Then Mary took about a pint of pure nard, an expensive perfume; she poured it on Jesus' feet and wiped his feet with her hair.--John 12:3
When a disciple objected, saying that the money should instead have been given to the poor, Jesus told him,
You will always have the poor, but you will not always have Me.--John 12:8
It's lovely--a wonderful exposition not only of the love Mary bore for Christ, but also for Christ's affection for her and her helpless effusion. The poor are important, He says, but not as important as individual, intimate relationships with our God.
But then I think of Christ's discussion with His disciples regarding compassionate care when He said to them about those sick, or in prison, or naked:
Whatever you did for the least of these, you did for Me.--Matthew 25:40
Well which is it?
Are we supposed to spend all of our extra energies lavishing the perfume of worship and praise on Christ Himself, or are we supposed to use that energy serving the poor? Is Christ best served outwardly, or is our direct worship more important than any service?
Well, when I think about this, I think that the answer must be yes and yes.
After all, He clearly states both of these. He doesn't exclude one from the other. And if we try to do so, we run smack into legalism.
Why is it that we are always trying to boil down what Christ gave us into a bunch of rules?
Do this and don't do that. And some of them are so petty.
Christ is risen, so He can't be on a crucifix anymore.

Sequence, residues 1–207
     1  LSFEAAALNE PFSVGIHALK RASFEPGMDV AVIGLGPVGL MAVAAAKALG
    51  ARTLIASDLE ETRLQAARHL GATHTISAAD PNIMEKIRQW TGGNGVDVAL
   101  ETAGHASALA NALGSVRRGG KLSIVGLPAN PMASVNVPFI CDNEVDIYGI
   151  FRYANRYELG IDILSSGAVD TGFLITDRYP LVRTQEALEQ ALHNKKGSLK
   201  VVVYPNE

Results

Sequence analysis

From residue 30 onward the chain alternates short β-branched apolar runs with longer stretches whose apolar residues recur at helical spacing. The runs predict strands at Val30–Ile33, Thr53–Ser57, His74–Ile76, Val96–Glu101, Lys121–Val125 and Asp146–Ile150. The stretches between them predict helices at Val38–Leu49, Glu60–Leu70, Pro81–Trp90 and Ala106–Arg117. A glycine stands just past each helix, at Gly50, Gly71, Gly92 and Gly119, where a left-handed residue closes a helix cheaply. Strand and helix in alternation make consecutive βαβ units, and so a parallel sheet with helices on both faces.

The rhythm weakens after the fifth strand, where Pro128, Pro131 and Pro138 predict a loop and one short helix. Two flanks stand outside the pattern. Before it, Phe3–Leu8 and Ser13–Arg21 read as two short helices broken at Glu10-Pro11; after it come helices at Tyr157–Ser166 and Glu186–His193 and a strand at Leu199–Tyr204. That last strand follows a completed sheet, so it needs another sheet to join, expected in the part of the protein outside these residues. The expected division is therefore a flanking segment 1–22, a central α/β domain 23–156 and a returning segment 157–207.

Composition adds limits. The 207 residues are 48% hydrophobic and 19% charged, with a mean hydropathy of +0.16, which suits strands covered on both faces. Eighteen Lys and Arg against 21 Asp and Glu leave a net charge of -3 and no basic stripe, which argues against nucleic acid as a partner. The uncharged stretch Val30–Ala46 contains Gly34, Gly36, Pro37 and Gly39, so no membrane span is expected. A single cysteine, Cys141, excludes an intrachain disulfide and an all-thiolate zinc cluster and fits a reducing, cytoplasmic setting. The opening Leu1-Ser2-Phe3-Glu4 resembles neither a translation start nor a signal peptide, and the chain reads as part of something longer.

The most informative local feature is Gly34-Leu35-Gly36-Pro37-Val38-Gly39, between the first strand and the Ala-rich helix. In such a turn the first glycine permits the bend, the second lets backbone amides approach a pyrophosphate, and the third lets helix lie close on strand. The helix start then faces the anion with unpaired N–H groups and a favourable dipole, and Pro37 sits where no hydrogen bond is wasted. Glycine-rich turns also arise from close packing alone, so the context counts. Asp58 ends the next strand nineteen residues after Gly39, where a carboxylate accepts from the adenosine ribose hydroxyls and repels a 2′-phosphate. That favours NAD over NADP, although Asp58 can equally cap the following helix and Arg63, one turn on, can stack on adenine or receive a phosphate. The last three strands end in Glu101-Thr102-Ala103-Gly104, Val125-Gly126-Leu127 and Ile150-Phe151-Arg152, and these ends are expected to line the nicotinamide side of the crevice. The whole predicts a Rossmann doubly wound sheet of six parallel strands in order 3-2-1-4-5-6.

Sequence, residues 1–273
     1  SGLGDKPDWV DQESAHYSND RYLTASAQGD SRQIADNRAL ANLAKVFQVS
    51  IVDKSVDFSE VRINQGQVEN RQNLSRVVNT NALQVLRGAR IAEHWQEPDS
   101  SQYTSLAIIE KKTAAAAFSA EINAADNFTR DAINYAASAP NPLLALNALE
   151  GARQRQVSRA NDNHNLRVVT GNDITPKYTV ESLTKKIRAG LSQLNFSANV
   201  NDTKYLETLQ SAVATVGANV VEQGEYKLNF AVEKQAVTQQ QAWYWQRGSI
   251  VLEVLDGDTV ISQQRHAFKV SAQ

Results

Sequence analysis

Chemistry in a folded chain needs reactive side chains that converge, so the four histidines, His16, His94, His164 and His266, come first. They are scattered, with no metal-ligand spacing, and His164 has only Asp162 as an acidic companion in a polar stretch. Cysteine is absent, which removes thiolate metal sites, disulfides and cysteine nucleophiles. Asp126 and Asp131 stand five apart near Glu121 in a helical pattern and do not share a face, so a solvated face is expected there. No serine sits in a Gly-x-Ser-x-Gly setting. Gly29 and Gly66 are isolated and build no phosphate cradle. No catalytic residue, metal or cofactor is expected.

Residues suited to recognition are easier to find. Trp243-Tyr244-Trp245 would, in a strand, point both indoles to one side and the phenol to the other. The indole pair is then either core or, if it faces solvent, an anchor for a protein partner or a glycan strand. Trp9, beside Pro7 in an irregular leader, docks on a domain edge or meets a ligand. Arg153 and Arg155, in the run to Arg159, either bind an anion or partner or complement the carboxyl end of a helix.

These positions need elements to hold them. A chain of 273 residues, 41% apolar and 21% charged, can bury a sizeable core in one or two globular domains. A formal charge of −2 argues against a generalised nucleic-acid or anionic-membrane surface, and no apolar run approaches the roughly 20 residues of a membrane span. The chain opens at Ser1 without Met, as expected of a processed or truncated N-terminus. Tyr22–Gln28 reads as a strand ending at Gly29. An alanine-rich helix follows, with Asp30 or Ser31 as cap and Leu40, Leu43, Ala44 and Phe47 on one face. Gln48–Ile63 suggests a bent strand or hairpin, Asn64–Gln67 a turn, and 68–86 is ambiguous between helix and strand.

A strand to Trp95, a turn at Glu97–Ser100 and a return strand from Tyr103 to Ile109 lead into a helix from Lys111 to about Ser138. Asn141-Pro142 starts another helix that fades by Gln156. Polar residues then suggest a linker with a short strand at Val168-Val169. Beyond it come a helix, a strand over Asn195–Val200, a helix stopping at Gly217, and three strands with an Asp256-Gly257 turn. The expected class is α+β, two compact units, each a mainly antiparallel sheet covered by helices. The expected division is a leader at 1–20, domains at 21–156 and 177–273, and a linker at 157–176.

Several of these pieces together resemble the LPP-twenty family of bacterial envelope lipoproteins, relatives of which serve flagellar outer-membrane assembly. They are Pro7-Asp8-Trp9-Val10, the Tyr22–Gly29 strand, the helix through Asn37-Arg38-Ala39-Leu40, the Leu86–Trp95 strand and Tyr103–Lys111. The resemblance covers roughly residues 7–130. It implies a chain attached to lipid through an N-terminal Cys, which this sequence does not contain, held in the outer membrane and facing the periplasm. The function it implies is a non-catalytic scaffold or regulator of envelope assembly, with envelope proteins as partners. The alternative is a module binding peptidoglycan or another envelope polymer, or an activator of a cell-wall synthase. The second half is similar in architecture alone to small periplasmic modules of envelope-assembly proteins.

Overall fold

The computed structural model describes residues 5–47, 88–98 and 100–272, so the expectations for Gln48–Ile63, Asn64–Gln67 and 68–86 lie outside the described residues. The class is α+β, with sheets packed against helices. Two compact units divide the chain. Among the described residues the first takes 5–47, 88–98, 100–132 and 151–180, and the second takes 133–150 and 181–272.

Dunk, don't sprinkle.
He's Jehovah, not God or Christ, or Lord.
Worship on Saturday, not Sunday.
No instruments in church.
Don't drink, don't gamble, don't dance.
Why don't we get it? It's just not that simple. Christ and life in Him can't be reduced to rules. Like here. It's not just about what we give to whom and when. Ask Cain and Abel. Then both gave to God an offering from the best of their labors--Cain the crops he'd grown and Abel the animals he'd raised--but God did not accept Cain's offering.
The Lord looked with favor on Abel and his gift, but on Cain and his offering, He did not look with favor. --Genesis 4:4-5
Why not? What was wrong with it?
Well, I think that Cain and Abel's situation is the same as Mary's. Everybody brings what they have when they have it, but the thing offered does not necessarily make for an acceptable sacrifice. God needs more:
The Lord loves a cheerful giver.--2Corinthians 9:7
Give generously and do so without a grudging heart.--Deuteronomy 15:10
This is what made the offerings of Abel, and Mary, and whoever clothes or feeds the needy or does anything else for God: Abandon.
That's it. Christ watched Mary pour that nard on His feet and it wasn't the perfume, it was the love with which she brought it that filled Him with joy. And it works the same for us. If we are going to give, give passionately. And He means it:
Because you are lukewarm, I will spit you out of my mouth.--Revelation 3:16
We have to abandon ourselves to the opportunities God brings, whether He brings a bottle of perfume our way or if He brings a stranger with an outstretched hand. Then our offering to Him becomes an outpouring of love, not the fulfillment of a requirement.
I remember when the book of Mother Teresa's personal letters, Come Be My Light, was published in 2007. It shocked a lot of people to learn that this sweet, holy, devoted lady was spiritually desolate most of her life. Always faithfully appearing before the Lord in prayer every day, and devoting all of her practical life to ministry to the poor, she nevertheless suffered from frequent spiritual desolation. "There is no God in me," she wrote. And sometimes, you and I get there, too.
Mother Teresa gives me hope that all I have to do is show up, whether with nard or with a hot dish or an overcoat. When Christ presents Himself, I can love Him while He is near. When He is not, I can love His people. As long as the love is passionate and without reservation, He will accept my gift.